I did not try making a loaf with agave nectar, but based on other baking experiences, I think it would turn out fine. Agave has a neutral flavor, so it would just contribute sweetness. Agave is less sweet than honey. I tried substituting agave for honey in my zucchini brownies once and the brownies turned out bittersweet. Agave’s health benefits are debatable and I enjoy the taste of other, less processed natural sweeteners so I tend to use it sparingly.
Further considerations for substituting one natural sweetener for another in baked goods:
Keep in mind that the ratio of sweetener to other ingredients was relatively low, but based on the results from this bread experiment, all three of the natural sweeteners used can be substituted for each other 1 for 1. The most important considerations are flavor and the level of sweetness desired.
Roughly speaking, when comparing 1 cup of honey, maple syrup or agave to 1 cup of sugar, they are each more sweet than sugar. Molasses, on the other hand, is about half as sweet as sugar (source: Grainlady). When you’re looking at bottles of sweeteners in the store, the darker shades of each natural sweetener generally have stronger flavors. By the way it is best to buy organic natural sweeteners since they are concentrated products.
Feel free to mix different natural sweeteners to achieve the level of sweetness and flavor desired. For instance, mixing a bit of molasses with agave nectar would produce a sweet loaf with a very light molasses flavor. Honey would also sweeten up molasses but it will also add its own flavor. And on and on!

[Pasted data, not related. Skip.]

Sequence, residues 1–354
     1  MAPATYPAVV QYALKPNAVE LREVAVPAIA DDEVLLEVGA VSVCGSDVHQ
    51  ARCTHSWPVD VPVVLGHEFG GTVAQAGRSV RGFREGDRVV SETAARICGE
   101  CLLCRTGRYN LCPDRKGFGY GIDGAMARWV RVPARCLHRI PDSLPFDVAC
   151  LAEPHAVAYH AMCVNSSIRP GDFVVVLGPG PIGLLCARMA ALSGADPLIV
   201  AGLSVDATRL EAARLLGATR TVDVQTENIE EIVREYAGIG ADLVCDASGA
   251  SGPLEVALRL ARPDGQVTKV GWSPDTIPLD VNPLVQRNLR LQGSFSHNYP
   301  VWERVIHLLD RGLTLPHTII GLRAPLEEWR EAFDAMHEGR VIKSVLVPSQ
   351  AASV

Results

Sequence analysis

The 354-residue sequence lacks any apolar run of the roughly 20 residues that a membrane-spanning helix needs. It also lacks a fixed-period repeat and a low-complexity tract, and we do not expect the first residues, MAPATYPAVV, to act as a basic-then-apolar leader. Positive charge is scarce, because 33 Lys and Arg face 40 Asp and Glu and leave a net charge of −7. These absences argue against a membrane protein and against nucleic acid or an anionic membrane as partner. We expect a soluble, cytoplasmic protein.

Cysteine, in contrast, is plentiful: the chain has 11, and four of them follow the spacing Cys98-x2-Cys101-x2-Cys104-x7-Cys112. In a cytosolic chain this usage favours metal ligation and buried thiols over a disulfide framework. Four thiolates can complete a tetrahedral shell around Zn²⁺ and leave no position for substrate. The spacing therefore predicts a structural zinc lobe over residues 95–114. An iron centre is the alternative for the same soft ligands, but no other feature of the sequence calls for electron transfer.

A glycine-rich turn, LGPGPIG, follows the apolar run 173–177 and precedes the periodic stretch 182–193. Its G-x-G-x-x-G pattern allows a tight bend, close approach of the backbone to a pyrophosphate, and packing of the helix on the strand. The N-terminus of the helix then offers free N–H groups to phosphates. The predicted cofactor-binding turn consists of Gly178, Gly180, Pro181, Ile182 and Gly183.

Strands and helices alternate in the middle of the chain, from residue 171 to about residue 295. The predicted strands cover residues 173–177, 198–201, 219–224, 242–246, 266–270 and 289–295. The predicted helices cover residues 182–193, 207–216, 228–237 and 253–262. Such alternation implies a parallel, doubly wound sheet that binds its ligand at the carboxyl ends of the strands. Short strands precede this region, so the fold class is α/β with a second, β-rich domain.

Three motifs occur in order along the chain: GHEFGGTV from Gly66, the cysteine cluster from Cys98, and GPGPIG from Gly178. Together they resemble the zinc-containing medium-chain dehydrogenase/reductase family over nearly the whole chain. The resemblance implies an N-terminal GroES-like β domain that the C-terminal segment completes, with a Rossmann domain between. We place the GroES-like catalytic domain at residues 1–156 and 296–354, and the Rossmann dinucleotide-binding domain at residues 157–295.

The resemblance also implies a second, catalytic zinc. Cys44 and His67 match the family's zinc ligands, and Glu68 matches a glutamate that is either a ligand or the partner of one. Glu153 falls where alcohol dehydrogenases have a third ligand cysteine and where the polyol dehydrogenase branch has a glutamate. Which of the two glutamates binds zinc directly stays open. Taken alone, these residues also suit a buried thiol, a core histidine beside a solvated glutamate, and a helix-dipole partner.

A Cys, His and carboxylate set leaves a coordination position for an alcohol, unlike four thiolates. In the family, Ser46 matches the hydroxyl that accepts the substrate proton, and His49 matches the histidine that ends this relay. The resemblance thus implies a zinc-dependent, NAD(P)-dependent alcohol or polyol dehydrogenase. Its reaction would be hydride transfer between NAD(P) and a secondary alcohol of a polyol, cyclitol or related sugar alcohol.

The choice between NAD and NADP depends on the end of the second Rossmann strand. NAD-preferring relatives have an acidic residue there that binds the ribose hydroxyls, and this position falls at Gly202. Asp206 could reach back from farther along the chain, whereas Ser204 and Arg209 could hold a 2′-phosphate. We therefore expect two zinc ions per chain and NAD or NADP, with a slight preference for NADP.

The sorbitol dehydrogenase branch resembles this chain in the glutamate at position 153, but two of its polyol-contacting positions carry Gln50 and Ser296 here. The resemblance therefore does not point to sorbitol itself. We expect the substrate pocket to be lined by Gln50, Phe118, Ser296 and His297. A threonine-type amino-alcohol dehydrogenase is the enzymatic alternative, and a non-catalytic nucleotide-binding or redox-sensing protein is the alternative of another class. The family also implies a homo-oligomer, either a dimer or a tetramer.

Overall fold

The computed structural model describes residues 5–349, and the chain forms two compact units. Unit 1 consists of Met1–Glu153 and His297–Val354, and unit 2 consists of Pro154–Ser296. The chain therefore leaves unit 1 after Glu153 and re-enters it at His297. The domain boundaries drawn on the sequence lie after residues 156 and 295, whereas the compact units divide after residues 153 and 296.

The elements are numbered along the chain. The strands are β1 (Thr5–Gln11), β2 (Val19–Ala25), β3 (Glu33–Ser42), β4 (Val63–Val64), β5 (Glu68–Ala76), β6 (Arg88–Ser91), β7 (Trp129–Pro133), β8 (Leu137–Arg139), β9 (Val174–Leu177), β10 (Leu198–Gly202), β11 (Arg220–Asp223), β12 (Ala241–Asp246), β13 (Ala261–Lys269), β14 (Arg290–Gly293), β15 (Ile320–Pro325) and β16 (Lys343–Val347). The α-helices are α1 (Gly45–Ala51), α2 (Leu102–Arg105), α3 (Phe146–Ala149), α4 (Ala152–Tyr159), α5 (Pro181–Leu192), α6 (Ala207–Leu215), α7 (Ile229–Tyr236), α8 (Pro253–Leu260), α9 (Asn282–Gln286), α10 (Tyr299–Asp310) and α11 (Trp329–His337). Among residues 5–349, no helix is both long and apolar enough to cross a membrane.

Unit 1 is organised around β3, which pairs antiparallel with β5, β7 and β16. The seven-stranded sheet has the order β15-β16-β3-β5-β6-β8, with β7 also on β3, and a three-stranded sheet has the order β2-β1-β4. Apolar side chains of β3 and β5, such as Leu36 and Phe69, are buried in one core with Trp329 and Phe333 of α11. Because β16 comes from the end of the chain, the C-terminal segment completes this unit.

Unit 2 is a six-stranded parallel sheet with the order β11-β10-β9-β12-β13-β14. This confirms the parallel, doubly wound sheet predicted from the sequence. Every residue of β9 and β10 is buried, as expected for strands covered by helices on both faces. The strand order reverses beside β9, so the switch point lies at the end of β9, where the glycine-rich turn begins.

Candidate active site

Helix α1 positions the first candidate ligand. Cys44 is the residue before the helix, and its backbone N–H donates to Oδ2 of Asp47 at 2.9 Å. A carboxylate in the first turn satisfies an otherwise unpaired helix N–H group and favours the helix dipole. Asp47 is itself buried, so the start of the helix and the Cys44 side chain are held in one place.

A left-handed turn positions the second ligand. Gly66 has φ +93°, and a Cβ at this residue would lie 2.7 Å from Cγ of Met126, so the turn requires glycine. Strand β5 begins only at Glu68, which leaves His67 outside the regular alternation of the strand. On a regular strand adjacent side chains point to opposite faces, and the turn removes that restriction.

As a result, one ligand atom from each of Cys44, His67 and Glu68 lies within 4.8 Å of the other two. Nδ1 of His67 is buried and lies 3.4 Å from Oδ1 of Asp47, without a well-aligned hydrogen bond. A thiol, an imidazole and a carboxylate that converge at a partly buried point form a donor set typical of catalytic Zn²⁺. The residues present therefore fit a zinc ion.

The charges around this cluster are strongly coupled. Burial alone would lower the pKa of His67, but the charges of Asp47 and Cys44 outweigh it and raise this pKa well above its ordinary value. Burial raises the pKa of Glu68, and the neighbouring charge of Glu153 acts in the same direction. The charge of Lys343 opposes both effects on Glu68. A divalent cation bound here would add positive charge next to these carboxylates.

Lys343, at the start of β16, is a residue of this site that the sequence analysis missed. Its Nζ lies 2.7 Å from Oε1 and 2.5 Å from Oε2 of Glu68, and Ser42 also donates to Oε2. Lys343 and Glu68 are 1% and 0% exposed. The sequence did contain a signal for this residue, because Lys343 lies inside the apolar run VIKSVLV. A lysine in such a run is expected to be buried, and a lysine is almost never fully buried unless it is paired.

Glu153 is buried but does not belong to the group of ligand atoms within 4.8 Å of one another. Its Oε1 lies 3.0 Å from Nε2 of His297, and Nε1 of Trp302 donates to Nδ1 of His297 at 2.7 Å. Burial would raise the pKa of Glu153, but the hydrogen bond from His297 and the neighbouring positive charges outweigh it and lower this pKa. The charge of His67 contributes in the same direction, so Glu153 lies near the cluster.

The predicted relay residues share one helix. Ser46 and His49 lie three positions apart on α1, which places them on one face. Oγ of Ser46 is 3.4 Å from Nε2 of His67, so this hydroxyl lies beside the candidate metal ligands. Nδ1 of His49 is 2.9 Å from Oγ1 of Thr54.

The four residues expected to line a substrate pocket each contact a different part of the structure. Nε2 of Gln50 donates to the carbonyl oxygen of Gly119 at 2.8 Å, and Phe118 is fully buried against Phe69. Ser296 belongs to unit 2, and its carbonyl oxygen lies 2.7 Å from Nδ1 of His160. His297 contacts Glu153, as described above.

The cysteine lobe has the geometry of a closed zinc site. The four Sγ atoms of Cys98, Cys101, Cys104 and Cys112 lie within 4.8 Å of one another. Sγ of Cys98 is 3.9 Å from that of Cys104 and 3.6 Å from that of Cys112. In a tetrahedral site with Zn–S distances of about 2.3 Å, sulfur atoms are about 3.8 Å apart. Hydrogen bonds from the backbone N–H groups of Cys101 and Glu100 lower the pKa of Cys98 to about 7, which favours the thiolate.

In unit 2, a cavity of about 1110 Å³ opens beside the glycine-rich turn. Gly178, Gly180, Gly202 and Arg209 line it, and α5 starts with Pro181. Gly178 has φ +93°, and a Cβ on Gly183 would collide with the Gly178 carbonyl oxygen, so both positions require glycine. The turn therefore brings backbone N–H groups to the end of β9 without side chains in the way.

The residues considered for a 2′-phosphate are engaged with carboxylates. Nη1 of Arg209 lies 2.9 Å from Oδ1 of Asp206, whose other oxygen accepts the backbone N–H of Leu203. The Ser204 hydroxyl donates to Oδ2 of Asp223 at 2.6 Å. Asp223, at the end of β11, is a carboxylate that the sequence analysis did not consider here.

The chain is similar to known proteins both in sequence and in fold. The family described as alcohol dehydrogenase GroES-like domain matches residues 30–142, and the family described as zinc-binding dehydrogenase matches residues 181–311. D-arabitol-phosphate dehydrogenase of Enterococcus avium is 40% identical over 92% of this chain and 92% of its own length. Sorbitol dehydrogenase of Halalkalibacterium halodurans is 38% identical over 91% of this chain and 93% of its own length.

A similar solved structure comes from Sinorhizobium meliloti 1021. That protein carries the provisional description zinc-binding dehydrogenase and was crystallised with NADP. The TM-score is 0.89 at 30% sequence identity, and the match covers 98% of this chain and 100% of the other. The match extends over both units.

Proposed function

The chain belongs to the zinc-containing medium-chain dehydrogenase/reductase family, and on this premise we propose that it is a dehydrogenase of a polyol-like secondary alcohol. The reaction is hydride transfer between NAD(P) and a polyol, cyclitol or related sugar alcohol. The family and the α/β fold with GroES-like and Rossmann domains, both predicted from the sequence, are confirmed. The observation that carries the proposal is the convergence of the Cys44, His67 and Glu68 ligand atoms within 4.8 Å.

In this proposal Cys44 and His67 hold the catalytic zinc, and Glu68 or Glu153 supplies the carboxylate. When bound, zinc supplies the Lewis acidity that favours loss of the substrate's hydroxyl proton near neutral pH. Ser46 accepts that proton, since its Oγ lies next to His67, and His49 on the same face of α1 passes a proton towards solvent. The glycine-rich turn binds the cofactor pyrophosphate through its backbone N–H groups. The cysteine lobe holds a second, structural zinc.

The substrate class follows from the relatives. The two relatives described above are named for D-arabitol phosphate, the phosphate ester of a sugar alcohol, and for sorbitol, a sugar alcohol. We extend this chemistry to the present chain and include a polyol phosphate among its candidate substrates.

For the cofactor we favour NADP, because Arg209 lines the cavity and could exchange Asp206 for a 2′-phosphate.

- Oil or butter for greasing pan
- 1 1/2 cups milk of choice and 2 tablespoons apple cider vinegar (or 1 2/3 cups buttermilk or plain yogurt*)
- 2 1/2 cups white whole wheat flour or regular whole wheat flour
- 1/2 cup cornmeal (I prefer medium grind cornmeal)
- 1 teaspoon salt
- 1 teaspoon baking soda
- 1/2 cup molasses (or honey or maple syrup, see notes on blackstrap molasses above)
- Heat oven to 325 degrees. Grease an 8-by-4-inch or 9-by 5-inch loaf pan (Bittman recommends a non-stick loaf pan but I prefer my stoneware loaf pan).
- If using buttermilk or yogurt, ignore this step. Make soured milk: gently warm the milk gently (1 minute in the microwave will suffice) and add vinegar. Set the soured milk aside.
- Mix together the dry ingredients. Stir molasses (or honey or maple syrup) into the soured milk, buttermilk or yogurt. Pour the liquid ingredients into the dry ingredients and stir with a big spoon, just until combined. Pour the batter into a greased loaf pan.
- Bake until firm and a toothpick inserted into center comes out clean, 45 minutes to 1 hour. Allow the bread to cool in the loaf pan for 15 minutes, then carefully invert the bread onto a wire rack.
- If you can stand it, let the bread rest for a day. I’ve found that whole wheat quick breads taste better the next day, when the flavors have had more time to develop. This bread freezes wonderfully. I slice it beforehand so I can pull out a slice of bread any time. Defrost it and boom—breakfast is served.
*Milk vs. yogurt: I have tried using both milk and yogurt and didn't notice a big difference in texture either way. I use milk most often because it's less expensive.
Make it vegan: This bread is already eggless, so just substitute your preferred non-dairy milk for the dairy milk.
Serving suggestions: Molasses bread is great with almond butter, cream cheese or homemade citrus curd with Greek yogurt!
Thank you: To Native Roots Market in Norman for supplying the local clover honey for my honey loaf!
Further reading materials:
- Mark Bittman on quick breads.
- Sara of Sprouted Kitchen on natural sweeteners.
- Heidi Swanson of 101cookbooks’ favorite natural sweeteners.
- Lindsay Nixon’s tips on how to replace sugar with natural sweeteners.
- [Book] Green Market Baking Book: 100 Delicious Recipes for Naturally Sweet & Savory Treats.